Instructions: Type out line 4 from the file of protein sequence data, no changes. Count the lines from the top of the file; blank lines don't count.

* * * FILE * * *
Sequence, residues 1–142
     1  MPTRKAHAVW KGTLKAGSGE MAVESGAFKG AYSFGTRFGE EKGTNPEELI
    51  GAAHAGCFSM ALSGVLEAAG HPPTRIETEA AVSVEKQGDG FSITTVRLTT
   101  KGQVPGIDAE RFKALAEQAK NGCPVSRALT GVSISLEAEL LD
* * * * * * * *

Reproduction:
   101  KGQVPGIDAE RFKALAEQAK NGCPVSRALT GVSISLEAEL LD